There’s overwhelming consensus President Trump’s first budget is controversial. Programs and departments across the board, except the Department of Defense, are under the microscope for eye-popping cuts. And before anyone claims it saves money, the budget does nothing to reduce the deficit. Even the Hubble couldn’t find an alternative fact to get this in the black.
Not every cut is bad, and some could benefit NASA in redirecting the funds to other missions. But the education program? Really?
NASA Education Program
NASA is escaping the most extreme cuts, but if the budget stands (not likely), projects will be lost. The biggest eyebrow-raising cut is the complete elimination of NASA’s education program. I’d act shocked, but it seems par for the course considering the Education Secretary.
How much will that trim off the federal budget? $115 million (FY 2016). That money serves as a centralized hub for all of the agency’s educational activities. Its mission is to engage students and get them interested in science and engineering.
Kids meeting astronauts at school? Gone. Space camp? Gone. The National Space Grant and Fellowship Program? Gone. NASA’s Minority University Research and Education Programs? Do we even have to ask? The budget proposes all of this fall under the purview of NASA’s Science Mission Directorate but doesn’t explain how. Something about it being beautiful and nice.
Earth Science Cuts
It was expected before the budget was released. Bob Walker, the President’s space policy advisor during the campaign, wanted NASA to shift its focus to exploring space only. Why study Earth? We can see it from our house, right Bob? The cuts aren’t overly drastic, but hit upcoming missions including PACE – a spacecraft designed to orbit Earth to study global ocean color and monitor its health.
Another is the CLARREO Pathfinder, a spacecraft designed to produce accurate climate records. That’s par for the course from this administration.
And then there’s the wasteful cut. President Trump’s budget calls for the DSCOVR satellite to turn off all ‘Earth-viewing instruments.’ Mind you; the satellite has been up in space since 2015. It’s operated in conjunction with NOAA to constantly monitor the Earth and measure solar wind. Instruments to be turned off include EPIC, which provides images of the sunlit side of Earth, and the NISTAR, which measures irradiance over the Earth’s surface for “for climate science applications.”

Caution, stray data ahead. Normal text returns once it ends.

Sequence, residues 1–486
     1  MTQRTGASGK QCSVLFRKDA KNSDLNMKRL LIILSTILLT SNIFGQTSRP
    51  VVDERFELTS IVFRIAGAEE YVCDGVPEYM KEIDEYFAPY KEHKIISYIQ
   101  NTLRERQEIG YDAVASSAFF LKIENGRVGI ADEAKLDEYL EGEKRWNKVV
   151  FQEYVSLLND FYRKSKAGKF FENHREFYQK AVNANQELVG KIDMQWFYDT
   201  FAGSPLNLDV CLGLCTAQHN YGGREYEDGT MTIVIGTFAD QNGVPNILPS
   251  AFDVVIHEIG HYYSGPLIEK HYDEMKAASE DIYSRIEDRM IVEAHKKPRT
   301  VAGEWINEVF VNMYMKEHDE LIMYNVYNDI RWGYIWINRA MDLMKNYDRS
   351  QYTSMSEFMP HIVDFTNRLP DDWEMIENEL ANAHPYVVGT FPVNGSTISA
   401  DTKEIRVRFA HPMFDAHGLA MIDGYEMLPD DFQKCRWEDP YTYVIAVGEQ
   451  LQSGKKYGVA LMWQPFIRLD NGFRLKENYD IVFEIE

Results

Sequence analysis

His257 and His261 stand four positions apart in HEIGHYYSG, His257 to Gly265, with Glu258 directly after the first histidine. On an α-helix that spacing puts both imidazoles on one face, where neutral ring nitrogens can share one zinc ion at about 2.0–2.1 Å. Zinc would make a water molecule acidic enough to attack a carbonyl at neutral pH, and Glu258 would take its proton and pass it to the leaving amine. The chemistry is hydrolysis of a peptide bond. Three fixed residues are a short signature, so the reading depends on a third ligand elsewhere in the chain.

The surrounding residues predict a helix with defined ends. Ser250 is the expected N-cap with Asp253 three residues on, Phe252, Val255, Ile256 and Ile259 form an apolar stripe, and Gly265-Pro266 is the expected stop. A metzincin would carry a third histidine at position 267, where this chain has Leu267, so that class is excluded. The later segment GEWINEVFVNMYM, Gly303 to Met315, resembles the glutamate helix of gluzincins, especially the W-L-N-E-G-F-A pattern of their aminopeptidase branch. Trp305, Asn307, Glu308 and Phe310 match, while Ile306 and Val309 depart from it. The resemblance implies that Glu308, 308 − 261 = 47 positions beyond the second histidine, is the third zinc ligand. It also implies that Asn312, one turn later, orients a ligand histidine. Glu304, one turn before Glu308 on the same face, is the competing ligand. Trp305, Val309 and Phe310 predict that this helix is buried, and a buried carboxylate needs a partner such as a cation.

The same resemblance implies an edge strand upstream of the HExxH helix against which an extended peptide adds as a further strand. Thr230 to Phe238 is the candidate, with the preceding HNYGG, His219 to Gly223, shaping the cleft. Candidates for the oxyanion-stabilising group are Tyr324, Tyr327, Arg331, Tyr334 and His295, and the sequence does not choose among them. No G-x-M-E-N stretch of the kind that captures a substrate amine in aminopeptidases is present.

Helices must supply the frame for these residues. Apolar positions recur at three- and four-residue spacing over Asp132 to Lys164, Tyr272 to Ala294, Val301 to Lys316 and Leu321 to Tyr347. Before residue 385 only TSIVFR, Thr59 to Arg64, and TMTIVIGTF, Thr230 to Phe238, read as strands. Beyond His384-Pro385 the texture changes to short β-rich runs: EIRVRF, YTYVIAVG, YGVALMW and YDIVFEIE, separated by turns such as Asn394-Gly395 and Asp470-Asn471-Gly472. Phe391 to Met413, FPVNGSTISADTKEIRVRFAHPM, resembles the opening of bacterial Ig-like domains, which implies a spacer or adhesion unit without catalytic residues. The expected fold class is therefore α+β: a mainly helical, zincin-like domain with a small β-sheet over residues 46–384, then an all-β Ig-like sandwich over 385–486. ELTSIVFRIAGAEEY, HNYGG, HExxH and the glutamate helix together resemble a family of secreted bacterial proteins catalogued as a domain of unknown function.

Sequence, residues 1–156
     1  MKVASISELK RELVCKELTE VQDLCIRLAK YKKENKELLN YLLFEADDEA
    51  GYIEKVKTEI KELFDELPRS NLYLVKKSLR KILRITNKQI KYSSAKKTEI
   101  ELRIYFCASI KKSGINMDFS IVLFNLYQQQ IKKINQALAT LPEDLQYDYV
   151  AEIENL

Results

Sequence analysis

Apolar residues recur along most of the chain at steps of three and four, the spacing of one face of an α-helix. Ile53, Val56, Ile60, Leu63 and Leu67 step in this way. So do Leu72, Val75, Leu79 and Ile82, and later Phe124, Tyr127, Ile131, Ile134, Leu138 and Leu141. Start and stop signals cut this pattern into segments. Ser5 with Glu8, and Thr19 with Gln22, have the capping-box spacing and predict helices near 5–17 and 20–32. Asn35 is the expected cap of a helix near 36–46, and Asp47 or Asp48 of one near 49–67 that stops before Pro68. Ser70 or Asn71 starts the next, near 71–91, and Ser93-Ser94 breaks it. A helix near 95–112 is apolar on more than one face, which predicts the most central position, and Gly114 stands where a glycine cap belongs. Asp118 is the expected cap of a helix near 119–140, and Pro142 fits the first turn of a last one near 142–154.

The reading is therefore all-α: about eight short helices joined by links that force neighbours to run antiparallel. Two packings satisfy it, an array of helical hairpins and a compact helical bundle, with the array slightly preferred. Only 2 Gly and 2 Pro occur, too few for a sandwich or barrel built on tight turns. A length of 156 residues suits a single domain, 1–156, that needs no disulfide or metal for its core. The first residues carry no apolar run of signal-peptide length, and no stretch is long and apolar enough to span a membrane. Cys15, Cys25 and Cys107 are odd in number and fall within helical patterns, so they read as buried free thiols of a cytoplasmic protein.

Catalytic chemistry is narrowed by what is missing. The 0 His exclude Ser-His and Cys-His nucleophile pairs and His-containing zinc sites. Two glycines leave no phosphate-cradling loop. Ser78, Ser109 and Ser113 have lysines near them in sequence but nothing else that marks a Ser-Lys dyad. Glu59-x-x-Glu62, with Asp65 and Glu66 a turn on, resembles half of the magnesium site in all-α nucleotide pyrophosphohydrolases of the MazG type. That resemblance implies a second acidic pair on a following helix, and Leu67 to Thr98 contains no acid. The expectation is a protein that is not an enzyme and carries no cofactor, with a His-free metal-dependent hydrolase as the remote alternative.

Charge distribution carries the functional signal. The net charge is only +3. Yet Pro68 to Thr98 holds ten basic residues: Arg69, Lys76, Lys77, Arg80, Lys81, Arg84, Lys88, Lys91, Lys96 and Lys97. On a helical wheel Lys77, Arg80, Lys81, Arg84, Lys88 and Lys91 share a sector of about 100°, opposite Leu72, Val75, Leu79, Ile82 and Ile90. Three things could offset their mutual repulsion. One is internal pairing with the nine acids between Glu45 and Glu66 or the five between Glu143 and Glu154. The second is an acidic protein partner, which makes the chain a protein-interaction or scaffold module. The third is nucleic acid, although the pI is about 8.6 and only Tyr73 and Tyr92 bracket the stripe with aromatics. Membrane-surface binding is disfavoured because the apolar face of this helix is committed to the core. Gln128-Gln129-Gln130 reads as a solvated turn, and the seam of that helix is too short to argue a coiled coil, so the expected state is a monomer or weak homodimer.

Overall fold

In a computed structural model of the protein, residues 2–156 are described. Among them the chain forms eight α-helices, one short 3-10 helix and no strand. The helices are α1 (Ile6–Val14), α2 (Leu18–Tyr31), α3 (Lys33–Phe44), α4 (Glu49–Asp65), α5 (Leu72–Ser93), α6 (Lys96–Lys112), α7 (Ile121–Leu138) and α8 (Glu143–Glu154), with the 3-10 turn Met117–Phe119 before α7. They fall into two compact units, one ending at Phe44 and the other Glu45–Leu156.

So, the satellite is already in orbit at taxpayer expense. The Trump administration wants it only partially used moving forward. How much is NASA asking for to operate this money pit? $1.2 million. He can stay at home for a weekend, and NASA gets to keep the instruments turned on.
There are mixed feelings about this proposed cut. NASA is already sending a probe to Jupiter’s moon Europa. In the FY2016 budget, it called for a lander to be added to the flyby. Europa is thought to have a massive subsurface ocean, giving scientists another chance at possibly discovering alien life.
NASA removed the lander from the probe mission making it a standalone mission that is still in the conception stage. It’s not a huge loss, and it has hopes of surviving. Rep. John Culberson of Texas has championed this project. He’s a Republican, so don’t count the Europa mission out just yet.
Asteroid Redirect Mission
Here’s where we find a cut that makes sense. NASA’s Asteroid Redirect Mission never had many fans because it seems like a waste of money. It robotically retrieves a piece of an asteroid and brings it closer to the moon.
The idea is that we could then send people to visit the asteroid in what would be test cases for an eventual Mars mission. Ambitious, but it fell prey to costs. $1.4 billion for the robotic part of the mission alone.
And then there’s the question of how does dragging an asteroid near the moon represent putting people on Mars? Maybe dry runs for Harry Stamper and company as a ‘just in case,’ but it’s hard to envision. Congress isn’t a fan, and neither are a lot of scientists, including NASA’s own Small Bodies Assessment Group. If anything gets the ax in the budget, it’ll be the ARM.
Will NASA See Cuts?
It’s easy to get worked up over the cuts as ignorant and ‘what the hell are they doing?’ This is obviously their first time writing a budget. And then you have to sell it.
Yesterday saw the pitfalls of that. During the daily press briefing, Mick Mulvaney, Trump’s budget architect, said feeding kids after school had no discernable impacts on performance. Let that sink in. Kids in rural PA can’t eat because they didn’t pass tests. Cuts to Meals on Wheels is an act of compassion towards taxpayers. The hits kept coming.
Someone didn’t pass their Trump University course.
It’ll be ok, NASA. Telling underprivileged kids and seniors they shouldn’t eat because it’s an act of compassion is the height of incompetence. But, we get a rebuilt military (was already happening) to not police the world. It makes sense when you don’t think about it.
And then there’s Florida and Texas – home to major portions of NASA. When Congress marks up a budget, you can count on those two states being at the top of the list. We just thought the government was dysfunctional. Keep doing your thing NASA. Impress the hell out of us.
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